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Scholar is a tool for modeling documents with metadata.


  • python3
  • pytorch 0.4
  • numpy
  • scipy
  • pandas
  • gensim
  • torchvision (for IMDB download only)


It is recommended that you install the requirements using Anaconda. Specifically, you can use the following commands to create a new environment, activate it, and install the necessary packages:

conda create -n scholar python=3

source activate scholar

conda install pytorch torchvision -c pytorch

conda install numpy scipy pandas gensim

Once the necessary packages are installed, there is no need to compile or install this repo.

Quick start:

To test out the code, start by downloading the IMDB corpus:


Preprocess the data using:

python data/imdb/train.jsonlist data/imdb/processed/ --vocab-size 2000 --label sentiment --test data/imdb/test.jsonlist

Train a model on this corpus with 10 topics using sentiment as a label on GPU 0:

python data/imdb/processed/ -k 10 --test-prefix test --labels sentiment --device 0

Preprocessing and file formats:

The above command will look for input files with specific names and formats. In order to automatically convert a corpus into the required format, use the script. The basic usage is:

python train.jsonlist output_dir --vocab-size <vocab_size>

The required format for train.jsonlist is a text file with one line per document, each of which should be a JSON object. At a minimum, each JSON should contain a "text" field, which should be a string containing the document text.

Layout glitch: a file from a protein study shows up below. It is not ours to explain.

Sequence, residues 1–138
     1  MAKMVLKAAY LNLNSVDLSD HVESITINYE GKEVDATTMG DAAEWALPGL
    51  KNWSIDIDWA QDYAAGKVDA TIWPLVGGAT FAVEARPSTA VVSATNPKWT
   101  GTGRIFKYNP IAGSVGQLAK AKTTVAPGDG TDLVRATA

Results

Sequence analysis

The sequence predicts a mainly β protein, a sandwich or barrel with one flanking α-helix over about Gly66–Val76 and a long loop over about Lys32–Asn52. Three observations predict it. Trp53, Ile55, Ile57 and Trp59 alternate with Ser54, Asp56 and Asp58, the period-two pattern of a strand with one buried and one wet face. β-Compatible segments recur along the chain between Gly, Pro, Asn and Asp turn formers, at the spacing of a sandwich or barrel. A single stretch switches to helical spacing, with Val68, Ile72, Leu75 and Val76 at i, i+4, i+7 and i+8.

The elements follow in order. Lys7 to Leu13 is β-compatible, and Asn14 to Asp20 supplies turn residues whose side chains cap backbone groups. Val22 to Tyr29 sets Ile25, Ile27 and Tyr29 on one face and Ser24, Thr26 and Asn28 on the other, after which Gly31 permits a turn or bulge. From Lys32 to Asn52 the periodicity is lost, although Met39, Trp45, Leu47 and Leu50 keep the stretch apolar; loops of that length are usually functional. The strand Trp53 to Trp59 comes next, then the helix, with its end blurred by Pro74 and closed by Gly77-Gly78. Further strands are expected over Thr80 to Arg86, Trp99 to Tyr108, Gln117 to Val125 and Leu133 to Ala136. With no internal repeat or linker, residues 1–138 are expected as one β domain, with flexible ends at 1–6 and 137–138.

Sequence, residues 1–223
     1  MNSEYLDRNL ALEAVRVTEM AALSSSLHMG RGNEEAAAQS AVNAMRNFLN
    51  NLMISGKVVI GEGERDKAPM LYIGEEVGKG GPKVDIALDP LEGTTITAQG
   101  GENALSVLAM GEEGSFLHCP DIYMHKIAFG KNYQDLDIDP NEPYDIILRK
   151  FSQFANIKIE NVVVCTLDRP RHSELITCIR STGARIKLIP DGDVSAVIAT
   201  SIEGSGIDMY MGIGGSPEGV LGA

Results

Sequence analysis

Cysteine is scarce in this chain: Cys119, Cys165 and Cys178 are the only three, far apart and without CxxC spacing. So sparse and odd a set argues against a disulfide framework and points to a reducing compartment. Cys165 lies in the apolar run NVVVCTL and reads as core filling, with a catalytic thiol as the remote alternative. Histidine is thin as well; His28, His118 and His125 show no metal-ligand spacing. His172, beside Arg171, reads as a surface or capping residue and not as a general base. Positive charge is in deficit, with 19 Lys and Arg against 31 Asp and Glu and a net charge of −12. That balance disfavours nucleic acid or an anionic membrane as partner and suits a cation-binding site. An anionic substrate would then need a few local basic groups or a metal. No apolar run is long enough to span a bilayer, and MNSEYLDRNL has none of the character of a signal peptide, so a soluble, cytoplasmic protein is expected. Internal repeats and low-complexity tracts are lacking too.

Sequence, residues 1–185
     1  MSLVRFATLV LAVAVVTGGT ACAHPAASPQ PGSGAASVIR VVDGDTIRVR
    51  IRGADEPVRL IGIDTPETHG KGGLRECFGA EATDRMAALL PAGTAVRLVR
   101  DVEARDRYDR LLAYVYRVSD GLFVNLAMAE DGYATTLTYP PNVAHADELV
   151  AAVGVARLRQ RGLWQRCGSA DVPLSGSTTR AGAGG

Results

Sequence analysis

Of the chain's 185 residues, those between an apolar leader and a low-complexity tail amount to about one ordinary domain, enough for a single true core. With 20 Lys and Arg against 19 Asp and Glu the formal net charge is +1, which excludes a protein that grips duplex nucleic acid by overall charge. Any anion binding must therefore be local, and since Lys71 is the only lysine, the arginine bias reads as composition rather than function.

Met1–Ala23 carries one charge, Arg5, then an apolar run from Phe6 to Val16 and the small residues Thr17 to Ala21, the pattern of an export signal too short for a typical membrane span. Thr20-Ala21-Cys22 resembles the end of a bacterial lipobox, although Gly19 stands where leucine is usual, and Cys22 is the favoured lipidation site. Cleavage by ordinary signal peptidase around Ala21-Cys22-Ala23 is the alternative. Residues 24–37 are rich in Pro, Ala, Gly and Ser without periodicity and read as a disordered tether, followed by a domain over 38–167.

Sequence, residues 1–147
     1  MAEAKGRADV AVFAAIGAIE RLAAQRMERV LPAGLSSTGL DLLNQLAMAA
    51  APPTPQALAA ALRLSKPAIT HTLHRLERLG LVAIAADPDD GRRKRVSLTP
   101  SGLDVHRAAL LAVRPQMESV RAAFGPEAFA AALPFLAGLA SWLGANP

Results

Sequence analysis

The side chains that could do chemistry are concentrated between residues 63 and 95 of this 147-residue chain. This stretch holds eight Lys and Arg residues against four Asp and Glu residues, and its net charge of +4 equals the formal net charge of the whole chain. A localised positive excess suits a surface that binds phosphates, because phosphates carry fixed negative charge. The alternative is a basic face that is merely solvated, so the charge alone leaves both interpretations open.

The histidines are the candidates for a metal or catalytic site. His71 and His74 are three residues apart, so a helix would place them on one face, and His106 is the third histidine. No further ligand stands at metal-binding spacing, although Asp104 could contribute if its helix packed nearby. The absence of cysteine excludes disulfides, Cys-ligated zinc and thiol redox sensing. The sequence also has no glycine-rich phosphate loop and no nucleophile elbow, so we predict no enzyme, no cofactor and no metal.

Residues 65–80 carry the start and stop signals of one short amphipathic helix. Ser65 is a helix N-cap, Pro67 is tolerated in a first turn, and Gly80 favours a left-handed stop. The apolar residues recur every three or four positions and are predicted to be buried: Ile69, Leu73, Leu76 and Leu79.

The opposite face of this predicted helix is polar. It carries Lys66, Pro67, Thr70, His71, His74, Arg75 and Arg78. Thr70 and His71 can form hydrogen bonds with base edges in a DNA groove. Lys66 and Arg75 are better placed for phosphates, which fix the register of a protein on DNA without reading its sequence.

To get a sample dataset to follow along with this documentation, run python This will create four files in data/imdb/, of which you will only need train.jsonlist and test.jsonlist. The first line of test.jsonlist (truncated) should be:

{"id": 127, "orig": "aclImdb/test/neg/127_3.txt", "sentiment": "neg", "rating": 3, "text": "I love sci-fi and am [...]"}

If an "id" field is provided, this will be used as the document id (should be unique across train and test). If label information is included as a field in the json object (such as "sentiment"), this can be specified and automatically converted to the requried format.

When preprocessing a corpus, it is recommended that you specify a vocabulary size, which will keep only the most frequent words.

To preprocess the IMDB training data file using the "sentiment" label, with a 2,000 word vocabulary, run:

python data/imdb/train.jsonlist data/imdb/processed/ --vocab-size 2000 --label sentiment --test data/imdb/test.jsonlist

This will create several files in the processed directory, including:

  • train.npz, containing the word counts per document
  • train.vocab.json, containing a list of the words in the vocabulary
  • train.sentiment.csv, containing the sentiment label for each document in .csv format
  • equivalent files for the test corpus
  • other files used by other pacakges, such as lda-c, SAGE, and Mallet

If your data does not have labels, you can simply not use the --label option.

The --test options specifies a second .jsonlist file to process using the same vocabulary as the first file (train.jsonlist). If your whole corpus is in one file (without a split between train and test), you can simply not use the --test option.